Snowball cones on St. John’s Bayou

nectar cream snowball Today’s New Orleans deal from LivingSocial:

“Whether you’re dancing to a brass band in Carrollton or strolling along St. John’s Bayou, chances are you’re sweating. Cool off with today’s deal from [I won’t name the merchant—they’re new, and in my neighborhood!]: Pay $55 to remove the icky effects of the humidity with 50 minutes of microdermabrasion to slough off dead layers of skin … With perks like pre-session relaxation in the spa’s Quiet Room and a variety of hot teas at your disposal, this Mid-City getaway will keep you as cool as a snowball cone.”

Say what?

One of the best things about living in New Orleans is that we get it. It’s a quirky city, for sure, as much a state of mind as a place, and pretty much inscrutable to the rest of the country.

And no question, we have a lexicon all our own. Common words are pronounced different here. Bur-GUN-dy. Mel-po-MENE. Axed. We make groceries, walk on the neutral ground, live by our mama ‘n’ ‘em…And yes, some of us say “erster” for oyster, “erl” for oil, and the correct pronunciation of New Orleans is always up for debate–though we can agree “Noo Or-LEENZ” is acceptable only in song or poetry.

For crying out loud, we bury our dead above ground.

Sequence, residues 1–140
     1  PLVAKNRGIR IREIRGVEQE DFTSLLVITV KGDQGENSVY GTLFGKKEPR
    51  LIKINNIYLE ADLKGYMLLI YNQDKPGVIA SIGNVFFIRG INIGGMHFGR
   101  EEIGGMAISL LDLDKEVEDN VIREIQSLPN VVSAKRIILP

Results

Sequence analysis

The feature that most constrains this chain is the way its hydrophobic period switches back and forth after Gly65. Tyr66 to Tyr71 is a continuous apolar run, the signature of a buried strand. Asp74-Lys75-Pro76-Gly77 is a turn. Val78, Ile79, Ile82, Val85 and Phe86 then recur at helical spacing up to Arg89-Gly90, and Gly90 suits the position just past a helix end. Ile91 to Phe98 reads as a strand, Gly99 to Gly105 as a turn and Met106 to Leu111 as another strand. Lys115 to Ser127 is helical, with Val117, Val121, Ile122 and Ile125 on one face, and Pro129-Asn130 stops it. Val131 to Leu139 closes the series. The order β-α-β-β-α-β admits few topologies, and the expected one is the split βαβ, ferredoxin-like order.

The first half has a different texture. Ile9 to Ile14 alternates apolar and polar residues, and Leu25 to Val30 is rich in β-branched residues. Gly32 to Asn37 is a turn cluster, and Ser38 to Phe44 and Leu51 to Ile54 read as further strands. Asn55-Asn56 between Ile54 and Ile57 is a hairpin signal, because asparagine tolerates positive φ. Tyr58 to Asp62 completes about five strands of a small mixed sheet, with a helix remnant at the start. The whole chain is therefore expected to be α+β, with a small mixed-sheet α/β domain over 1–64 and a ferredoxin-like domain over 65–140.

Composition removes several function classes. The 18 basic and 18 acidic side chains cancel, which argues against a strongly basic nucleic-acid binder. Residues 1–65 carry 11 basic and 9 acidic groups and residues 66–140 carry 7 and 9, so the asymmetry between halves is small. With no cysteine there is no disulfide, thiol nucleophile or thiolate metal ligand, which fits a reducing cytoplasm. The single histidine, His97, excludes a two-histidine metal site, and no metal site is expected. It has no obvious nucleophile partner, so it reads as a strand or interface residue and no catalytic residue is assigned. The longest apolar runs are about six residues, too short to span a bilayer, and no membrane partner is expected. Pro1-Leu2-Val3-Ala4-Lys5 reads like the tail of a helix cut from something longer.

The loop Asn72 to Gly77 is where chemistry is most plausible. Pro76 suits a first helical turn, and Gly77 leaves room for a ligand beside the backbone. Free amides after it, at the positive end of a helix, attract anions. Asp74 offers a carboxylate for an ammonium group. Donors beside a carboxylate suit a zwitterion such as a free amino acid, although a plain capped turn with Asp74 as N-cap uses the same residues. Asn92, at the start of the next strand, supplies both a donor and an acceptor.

So yeah, we get it, we’re idiosyncratic and a bit peculiar, and we’re good with that. And we can spot a phony in our inbox as soon as we open the email.

This is the message I slapped on the LivingSocial Facebook page:

“@LivingSocial: Clearly your New Orleans copywriter doesn’t live in the city. It’s Bayou St. John, not St. John’s Bayou. I know. I live there. And dude, it’s snowball. Period. No cone. Very lame.”

Oh, and another thing: Humidity? It may seem icky to outsiders, but in New Orleans we know it’s the fountain of youth, the great equalizer, keeping wrinkles at bay far longer than in cities where they tell you 100 degrees only feels like 85 because “it’s dry heat.” Keep your dry heat and your wrinkles, Las Vegas–I’ll take my 108-degree heat index and my smooth brow, and if I get a microdermabrasion it won’t be to remove the effects of the humidity but to enhance them..

I’ll give props to the “brass band in Carrollton” reference. Clearly someone’s been to—or heard of–Rebirth’s legendary Tuesday night gig at the Maple Leaf. But that bit of (totally googlable) legitimacy aside, LivingSocial’s attempt at New Orleans cred is just…awkward. It’s like the writer called up his New Orleans friend, asked for a quick list of insider references, then wrote them down wrong.

Thing is, I applied for that copywriting job. The posting specifically called for applicants who lived in New Orleans and could write authentically about the culture and pulse of the city. Ironically, the writing sample I had to submit was a fake “deal” for a Seattle restaurant. I spent two days on my application—cuz that’s what I do—and I’m sure my “locally-sourced” food reference was as pitiful as a snowball cone. When it comes to local–especially in New Orleans–you just can’t fake it.

Oh, and PS? No one here drinks “hot teas” on a summer afternoon. Maybe in Seattle.

Photo credit Filckr user aimeeorleans

One thought on “Snowball cones on St. John’s Bayou

  1. There are some of us in “the rest of the country” who “get it,” to whom New Orleans (Nu Orluhns) is not “inscrutable.” I am otherwise in complete sympathy with your opinions. HB

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